12. Can I use a solar collector with my existing hot water system?
Normally yes. Simple retrofit valves can often be used to allow solar to connect to your existing cold water inlet. If your tank cannot accept the solar input directly an additional storage tank can be installed to pre-heat the cold water prior to entering the existing tank.

13. Are the solar collectors noticeable on the roof?
If only the collector is mounted on the roof it should blend into the roof design quite well. INLIGHT solar collectors are very thin and can be flush mounted on a roof. From a distance they look somewhat like a skylight. You may have to check with your local council regarding building restrictions when installing your solar collector.

14. Can INLIGHT solar products be mounted on a flat surface?
Yes they may be mounted on a flat roof, or on the ground by using a Flat Roof Frame. The collector should be installed at a minimum of 20o angle to ensure optimal heat pipe operation.

15. How do I protect my solar system during subzero temperatures?
If you have a system that is operating in areas with subzero temperatures then freeze protection must be implemented. The easiest means of preventing freezing is to use a controller with a low temperatures setting, so when the manifold temperature drops below a certain pre-set temperature (5oC/40oF), the pump will circulate, warming the collector with water from the bottom of the storage tank. The pump will not run continually, just periodically, the frequency of which will depend on the outside temperature. In extremely cold areas, a closed loop using a glycol/water mix may be appropriate.

16. Will the INLIGHT solar heater and collector be a fire hazard during hot, dry weather?
Definitely no. The INLIGHT solar heater and collector's components are all high temperature rated and non-flammable so even during strong sunlight with the circulation pump turned off (stagnation), the system will not catch alight or give off any sparks. The majority of the solar heater or collector's components are steel, aluminum, glass or glass wool. The manifold outlet should be fitted with a temperature relief valve, which will prevent the manifold temperature from exceeding 99oC / 212oF.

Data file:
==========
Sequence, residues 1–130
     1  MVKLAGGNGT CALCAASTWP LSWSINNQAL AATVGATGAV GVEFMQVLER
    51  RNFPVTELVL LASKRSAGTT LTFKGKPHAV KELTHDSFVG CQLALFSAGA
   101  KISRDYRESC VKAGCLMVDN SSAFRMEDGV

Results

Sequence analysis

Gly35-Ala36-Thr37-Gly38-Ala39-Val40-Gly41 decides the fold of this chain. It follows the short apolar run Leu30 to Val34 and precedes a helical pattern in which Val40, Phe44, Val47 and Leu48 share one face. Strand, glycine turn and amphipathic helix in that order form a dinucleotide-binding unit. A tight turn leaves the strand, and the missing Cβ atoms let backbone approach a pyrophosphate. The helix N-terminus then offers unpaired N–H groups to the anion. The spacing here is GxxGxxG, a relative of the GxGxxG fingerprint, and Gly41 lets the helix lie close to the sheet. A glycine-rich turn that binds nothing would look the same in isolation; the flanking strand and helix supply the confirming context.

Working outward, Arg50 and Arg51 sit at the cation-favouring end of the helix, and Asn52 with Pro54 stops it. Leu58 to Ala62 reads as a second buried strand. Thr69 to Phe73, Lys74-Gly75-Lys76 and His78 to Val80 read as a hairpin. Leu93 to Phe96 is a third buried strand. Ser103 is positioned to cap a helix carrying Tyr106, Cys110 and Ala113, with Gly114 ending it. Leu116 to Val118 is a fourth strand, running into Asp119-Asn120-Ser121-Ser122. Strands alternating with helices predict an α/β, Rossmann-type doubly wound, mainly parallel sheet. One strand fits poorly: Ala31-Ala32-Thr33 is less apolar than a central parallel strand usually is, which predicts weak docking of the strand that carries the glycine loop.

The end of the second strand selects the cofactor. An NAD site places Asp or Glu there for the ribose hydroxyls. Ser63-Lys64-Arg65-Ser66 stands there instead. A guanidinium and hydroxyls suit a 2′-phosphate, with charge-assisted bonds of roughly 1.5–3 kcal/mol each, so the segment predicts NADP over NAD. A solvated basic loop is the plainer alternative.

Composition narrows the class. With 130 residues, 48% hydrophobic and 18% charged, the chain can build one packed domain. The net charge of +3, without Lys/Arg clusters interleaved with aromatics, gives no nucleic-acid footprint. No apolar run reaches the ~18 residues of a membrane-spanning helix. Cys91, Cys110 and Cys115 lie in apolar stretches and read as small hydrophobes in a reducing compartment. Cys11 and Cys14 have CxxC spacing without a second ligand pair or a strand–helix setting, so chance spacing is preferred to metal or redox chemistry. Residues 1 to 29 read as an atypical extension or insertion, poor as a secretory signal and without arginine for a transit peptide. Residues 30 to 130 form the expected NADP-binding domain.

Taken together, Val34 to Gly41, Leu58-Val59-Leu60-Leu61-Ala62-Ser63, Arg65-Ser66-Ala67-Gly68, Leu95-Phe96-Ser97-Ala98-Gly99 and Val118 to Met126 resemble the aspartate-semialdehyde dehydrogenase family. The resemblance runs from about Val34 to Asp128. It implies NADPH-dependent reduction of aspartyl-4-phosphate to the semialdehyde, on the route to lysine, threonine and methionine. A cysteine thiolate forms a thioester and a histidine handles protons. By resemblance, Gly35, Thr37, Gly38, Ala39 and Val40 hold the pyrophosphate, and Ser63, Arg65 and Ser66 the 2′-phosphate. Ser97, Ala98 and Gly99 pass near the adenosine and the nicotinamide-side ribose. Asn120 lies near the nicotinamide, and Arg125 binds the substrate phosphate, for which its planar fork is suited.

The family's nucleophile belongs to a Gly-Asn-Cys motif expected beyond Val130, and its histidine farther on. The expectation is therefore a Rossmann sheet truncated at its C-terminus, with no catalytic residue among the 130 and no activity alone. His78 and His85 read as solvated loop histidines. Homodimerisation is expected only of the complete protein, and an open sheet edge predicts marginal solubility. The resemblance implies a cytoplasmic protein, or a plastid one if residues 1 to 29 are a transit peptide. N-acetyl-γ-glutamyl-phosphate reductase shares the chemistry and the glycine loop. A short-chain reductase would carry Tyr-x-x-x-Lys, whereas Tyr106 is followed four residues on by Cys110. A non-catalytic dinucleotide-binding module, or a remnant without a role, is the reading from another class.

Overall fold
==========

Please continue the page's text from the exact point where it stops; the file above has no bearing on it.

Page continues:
17. Can the INLIGHT solar heater and collector heat water to a high enough temperature?
Yes, in good weather the INLIGHT solar heater and collector can bring water to boiling point. Generally this is not necessary and so the system should be designed to provide a daily temperature rise of around 25-30oC (45-54oF) in the summer. Sizing a domestic system that can bring the cold water up to 60oC/141oF in a single day is not logical, because if hot water is not used for one day, the following day the system will be boiling and dumping hot water via the temperature relief valve. This is both a waste of energy and water! Please sensibly size solar water heating system to ensure optimal performance and minimal wastage of water.

18. What maintenance of the solar heater and collector is required?
Under normal circumstances no maintenance of the system is required. Due to the shape of the tubes regular rainfall and wind should keep the tank and tubes clean. Should a tube even be broken it should be replaced. This, however, is an inexpensive and easy job. Any "handy" person can install a new tube (while adhering to local health and safety regulations). INLIGHT heat pipe solar collectors can even operate with several broken tubes, however the efficiency will be reduced slightly.

19. Can INLIGHT solar heater and collectors be used for a large scale hot water production?
Yes. INLIGHT solar heaters or collectors can be connected in series or parallel to provide large scale hot water production for a commercial settings such as a school, hotel or office building. There is really no limit to the size of the system, however collectors must be installed no more than 150 tubes (in series), otherwise the water may boil.

20. Can I heat my swimming pool or spa using an INLIGHT solar collector?